I just did a fairly significant hardware upgrade while keeping my hard disks. The old system was a dell Optiplex 745 with an Intel Core 2 duo, LGA 775. The new system is custom built, Intel i5 750.

I know you're supposed to do a clean install with a hardware upgrade like this, but I'd had success in the past doing the stealth hardware upgrade like this, so I figured I'd give it a shot.

Windows 7 Ultimate 64 bit gets through the loading screen and immediately blue screens and reboots.

Windows Vista Home Premium 32-bit, which I have on an old hard drive from an AMD box (!!) loads up fine.

I ran through the windows memory checker just to be sure, and my memory is fine.

So, is the BSOD the result of some sort of protection mechanism specific to Windows 7? Is there any hope of salvaging that install?

  • have you upgraded your powersupply ? – Sathyajith Bhat Jan 7 '10 at 8:51
  • No, but it should be more than adequate... it's like 750w or something ridiculous. – Daniel Schaffer Jan 7 '10 at 16:27
  • @Daniel - OK. I'd start with updating the Motherboard BIOS. – Sathyajith Bhat Jan 7 '10 at 21:18

The procedure I've heard people use for this kind of upgrade is before the move the drive to the new computer they go into the device manager and remove all the devices that would be changing (CPU, hard drive controller, video card, sound card, clocks, USB ports, everything). Then shutdown the computer and transfer the drive. When Windows boots, it will want to detect the hardware. You will probably need the CD for the drivers. I hope that helps.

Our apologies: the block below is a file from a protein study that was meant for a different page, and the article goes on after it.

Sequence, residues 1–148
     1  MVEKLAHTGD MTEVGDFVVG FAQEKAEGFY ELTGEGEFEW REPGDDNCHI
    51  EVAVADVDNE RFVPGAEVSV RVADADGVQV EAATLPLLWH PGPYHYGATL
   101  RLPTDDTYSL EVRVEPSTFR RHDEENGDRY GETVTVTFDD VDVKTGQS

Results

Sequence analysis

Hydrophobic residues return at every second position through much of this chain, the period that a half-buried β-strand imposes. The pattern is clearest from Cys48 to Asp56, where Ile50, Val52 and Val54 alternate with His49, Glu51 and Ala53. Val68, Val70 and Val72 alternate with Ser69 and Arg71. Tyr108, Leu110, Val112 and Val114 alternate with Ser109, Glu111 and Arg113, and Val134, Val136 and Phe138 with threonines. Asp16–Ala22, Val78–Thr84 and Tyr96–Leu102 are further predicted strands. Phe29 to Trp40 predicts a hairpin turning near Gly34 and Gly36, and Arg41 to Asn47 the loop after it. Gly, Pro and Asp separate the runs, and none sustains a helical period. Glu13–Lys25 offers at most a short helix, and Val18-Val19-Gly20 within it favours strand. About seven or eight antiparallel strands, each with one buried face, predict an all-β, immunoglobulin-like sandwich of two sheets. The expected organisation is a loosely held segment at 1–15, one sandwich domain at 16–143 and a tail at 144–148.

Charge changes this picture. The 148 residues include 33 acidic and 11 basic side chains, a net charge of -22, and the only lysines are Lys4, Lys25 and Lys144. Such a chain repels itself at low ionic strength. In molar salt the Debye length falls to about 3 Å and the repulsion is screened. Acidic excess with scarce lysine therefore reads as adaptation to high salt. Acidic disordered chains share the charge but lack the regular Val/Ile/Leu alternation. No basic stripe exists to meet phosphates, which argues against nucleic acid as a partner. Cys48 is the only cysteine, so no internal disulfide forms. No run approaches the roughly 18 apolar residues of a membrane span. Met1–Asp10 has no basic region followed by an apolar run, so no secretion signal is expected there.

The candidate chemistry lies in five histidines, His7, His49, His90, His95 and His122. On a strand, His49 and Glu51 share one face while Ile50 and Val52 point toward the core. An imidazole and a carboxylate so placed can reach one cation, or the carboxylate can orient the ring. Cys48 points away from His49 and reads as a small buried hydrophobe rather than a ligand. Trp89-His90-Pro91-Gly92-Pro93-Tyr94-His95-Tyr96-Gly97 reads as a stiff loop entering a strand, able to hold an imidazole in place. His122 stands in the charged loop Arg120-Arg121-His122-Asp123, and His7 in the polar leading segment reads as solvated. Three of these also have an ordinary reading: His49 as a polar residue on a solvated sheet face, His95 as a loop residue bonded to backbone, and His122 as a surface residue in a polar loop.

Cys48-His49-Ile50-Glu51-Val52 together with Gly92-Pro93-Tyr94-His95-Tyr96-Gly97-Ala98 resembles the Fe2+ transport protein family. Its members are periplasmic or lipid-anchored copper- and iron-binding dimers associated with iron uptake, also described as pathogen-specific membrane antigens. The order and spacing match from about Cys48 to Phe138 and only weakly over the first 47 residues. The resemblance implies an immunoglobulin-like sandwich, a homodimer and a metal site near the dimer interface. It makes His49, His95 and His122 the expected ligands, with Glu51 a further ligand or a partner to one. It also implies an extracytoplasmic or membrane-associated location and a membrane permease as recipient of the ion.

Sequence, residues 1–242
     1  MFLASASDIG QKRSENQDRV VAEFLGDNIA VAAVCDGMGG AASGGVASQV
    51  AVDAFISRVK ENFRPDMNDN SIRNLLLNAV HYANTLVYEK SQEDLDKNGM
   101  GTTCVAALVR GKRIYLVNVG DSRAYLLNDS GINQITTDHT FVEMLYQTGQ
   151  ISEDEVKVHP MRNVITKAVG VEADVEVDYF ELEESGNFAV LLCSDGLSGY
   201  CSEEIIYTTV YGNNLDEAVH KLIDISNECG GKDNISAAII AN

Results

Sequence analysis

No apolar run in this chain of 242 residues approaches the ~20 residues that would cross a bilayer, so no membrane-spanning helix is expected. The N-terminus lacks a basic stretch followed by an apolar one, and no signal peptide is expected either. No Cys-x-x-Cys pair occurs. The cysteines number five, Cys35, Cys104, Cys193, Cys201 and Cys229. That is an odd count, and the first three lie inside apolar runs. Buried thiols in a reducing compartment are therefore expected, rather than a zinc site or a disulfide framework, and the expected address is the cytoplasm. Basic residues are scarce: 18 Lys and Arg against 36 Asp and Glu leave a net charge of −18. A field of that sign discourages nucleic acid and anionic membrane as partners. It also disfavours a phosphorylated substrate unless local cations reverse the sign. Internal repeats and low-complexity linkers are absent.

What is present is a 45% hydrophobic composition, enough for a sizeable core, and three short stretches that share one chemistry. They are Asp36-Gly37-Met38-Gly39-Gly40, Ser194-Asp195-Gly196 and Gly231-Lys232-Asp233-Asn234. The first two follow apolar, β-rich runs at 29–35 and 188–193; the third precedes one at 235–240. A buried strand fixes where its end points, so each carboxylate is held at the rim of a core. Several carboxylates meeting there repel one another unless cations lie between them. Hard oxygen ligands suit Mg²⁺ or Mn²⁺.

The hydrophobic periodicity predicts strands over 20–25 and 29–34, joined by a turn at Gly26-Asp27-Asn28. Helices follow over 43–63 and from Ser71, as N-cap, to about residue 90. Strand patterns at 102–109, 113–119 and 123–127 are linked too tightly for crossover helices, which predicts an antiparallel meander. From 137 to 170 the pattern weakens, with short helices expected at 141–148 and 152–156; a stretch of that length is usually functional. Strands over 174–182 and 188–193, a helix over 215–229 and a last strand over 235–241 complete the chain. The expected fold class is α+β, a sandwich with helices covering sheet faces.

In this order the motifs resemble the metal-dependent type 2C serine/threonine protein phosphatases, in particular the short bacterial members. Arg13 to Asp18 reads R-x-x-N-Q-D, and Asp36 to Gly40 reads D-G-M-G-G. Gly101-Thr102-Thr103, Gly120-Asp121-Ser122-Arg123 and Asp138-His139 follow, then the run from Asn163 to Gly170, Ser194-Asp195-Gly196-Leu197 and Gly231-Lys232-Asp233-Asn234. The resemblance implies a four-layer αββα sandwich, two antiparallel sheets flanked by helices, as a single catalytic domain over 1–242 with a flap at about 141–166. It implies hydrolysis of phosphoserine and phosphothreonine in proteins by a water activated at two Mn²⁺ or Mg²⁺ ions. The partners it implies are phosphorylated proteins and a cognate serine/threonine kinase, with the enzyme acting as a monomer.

I don't fully understand how the Vista 32-bit and Windows 7 64-bit fit into the hardware upgrade, so I can help you there.

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Have you tried the upgrade adviser for Win 7 from the working instance of Vista 32bit? May be it will give you clues as to the hardware?

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Sounds to me like a 64-bit driver issue.

Press F8 just after your computer POSTs and before the Windows loading screen shows up to get to the advanced boot menu. Select "Disable Automatic Restart" so that you are able to see the blue screen once the system crashes (this will stop the system from rebooting as soon as the crash happens).

Reboot and let us know what the BSOD shows.

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This one ended up needing a clean install.

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  • 1
    I know we're 1.5 years out here, but since it's bumped, I called Microsoft to try to do the same thing (CPU, MB, RAM), and they assured me it would never work. – apathos Aug 8 '11 at 2:18
  • Well FWIW, I switched from Intel hardware to AMD hardware on a Windows XP installation ~2005-ish and it worked without any issues. – Daniel Schaffer Aug 8 '11 at 2:32

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